massive greatness

by MG Siegler

Writer. Investor. Thinker. Drinker.

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Brevity

As a writer, I’m always falling into the same trap. Time goes on and my posts get longer and longer. I’m not exactly sure why this is beyond some subconscious effort to continually one-up myself and perhaps the notion that writing more words on a topic adds to your authority on it. Often, the opposite is true — if you have true command of a topic, you can explain it concisely.

Some will say that I need an editor, but I’ve always had more of a hate/hate relationship with editors. While I obviously appreciate typo and grammatical fixes, I feel content editing destroys my voice. I’ve written something a certain way for a reason. Putting it in bland, generic wording is blasphemy. I. Don’t. Care. If. It’s. Not. Technically. Correct.

I just don’t.

But my verbosity leads to another, much larger, problem: since longer posts take more time, I’m...

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The Startup Embargo, Revisited

Breaking news: there was another embargo fuck-up last week. And the week before that. And the week before that. And the week before that.

I could not be any less shocked. This has been par for the course for a while. A long while. And it will continue to be.

But at least this latest one brought some fireworks. TechCrunch’s Ryan Lawler, burned by the embargo break, got mad as hell and decided he wasn’t going to take it anymore. His subsequent post seemed to piss off just about every blogger and PR person out there. It reminded me a bit of the good old days.

Now, to be clear, I did find some of Lawler’s framing a bit ill-advised. I think it’s perfectly reasonable to come out swinging at other bloggers and PR people when they’re responsible for such massive fucking headaches. But you should never take it out on the startup. This insider baseball is...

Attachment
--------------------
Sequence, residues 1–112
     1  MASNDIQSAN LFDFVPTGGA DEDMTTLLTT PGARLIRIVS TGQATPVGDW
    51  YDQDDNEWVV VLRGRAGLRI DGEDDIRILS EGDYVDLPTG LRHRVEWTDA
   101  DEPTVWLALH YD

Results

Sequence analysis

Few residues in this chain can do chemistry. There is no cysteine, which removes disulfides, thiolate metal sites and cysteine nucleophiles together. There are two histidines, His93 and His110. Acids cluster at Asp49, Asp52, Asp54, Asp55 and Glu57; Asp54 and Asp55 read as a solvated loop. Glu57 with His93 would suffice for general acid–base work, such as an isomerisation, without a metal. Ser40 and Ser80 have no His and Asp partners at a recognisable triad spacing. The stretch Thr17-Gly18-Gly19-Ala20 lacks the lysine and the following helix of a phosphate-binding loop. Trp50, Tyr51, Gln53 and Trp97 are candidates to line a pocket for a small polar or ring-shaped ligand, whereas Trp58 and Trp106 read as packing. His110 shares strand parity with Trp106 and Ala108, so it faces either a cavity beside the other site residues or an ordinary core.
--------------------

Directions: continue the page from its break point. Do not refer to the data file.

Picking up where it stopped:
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Sent From My iPad

A couple weeks ago, I wrote a quick note signaling my intent to predominantly use my iPad as my main computer when I travel going forward. What started as a successful two-day experiment led to a long weekend away last week. That went well enough that I’m confident in my choice. The iPad is my new road machine.

While this may not sound like a big deal — I’m hardly the first to do this — consider that I’m a heavy, heavy computer user. In particular, I write a lot. Blog posts, emails, tweets, etc. The iPad is not supposed to be good at those things. It’s not supposed to be able to replace a laptop for people like me. And yet, it is.

To be fair, I am cheating a little bit. When I know I’m going to do a lot of typing on the iPad, I break out the Logitech Ultrathin Keyboard Cover. I bought one on a whim a few weeks back while I was in an Apple Store. Simply...

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You Either Die A Hero Or You Become The Villain

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Over the past month, I’ve been watching Dalton Caldwell’s App.net experiment with much interest. Essentially, he’s trying to rebuild Twitter from the ground up, only as a fully user and developer-supported network. In other words, he’s pissed off — as many people are — about some of the changes Twitter is undergoing in an apparent attempt to monetize. Caldwell has been trying to crowd-fund $500,000 to build this network, and if he gets it, he promises the service will provide “a different kind of social platform”.

I like Dalton. I’ve known him since the days he was building imeem, through picplz, through the first app.net, and now onto the new version. We meet up and chat from time to time. I sincerely hope he succeeds in getting the money to build the new App.net (they’re about halfway there with five days to go) because I believe...

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Twitter’s Landscaping Problem

Twitter. On the surface, it’s another year, another bitch session. Developers are up in arms! Everyone is threatening to leave! Or, at least, hundreds of people! There’s talk of open source competitors! It’s over! Maybe!

We’ve seen the same basic story repeated so many times over the years that I’ve grown numb. So when this latest cycle of stories hit, I barely gave any a second look. But this time, as the stories keep coming, I have this nagging feeling that something is actually different.

Everything is starting to point to something bigger. To that end, reading over Mike Isaac’s piece today has me worried.

Outside of the company itself and its investors, you’d be hard-pressed to find a bigger Twitter-cheerleader than me over the years. In the early days, when most people were still in the “this is the dumbest thing ever”...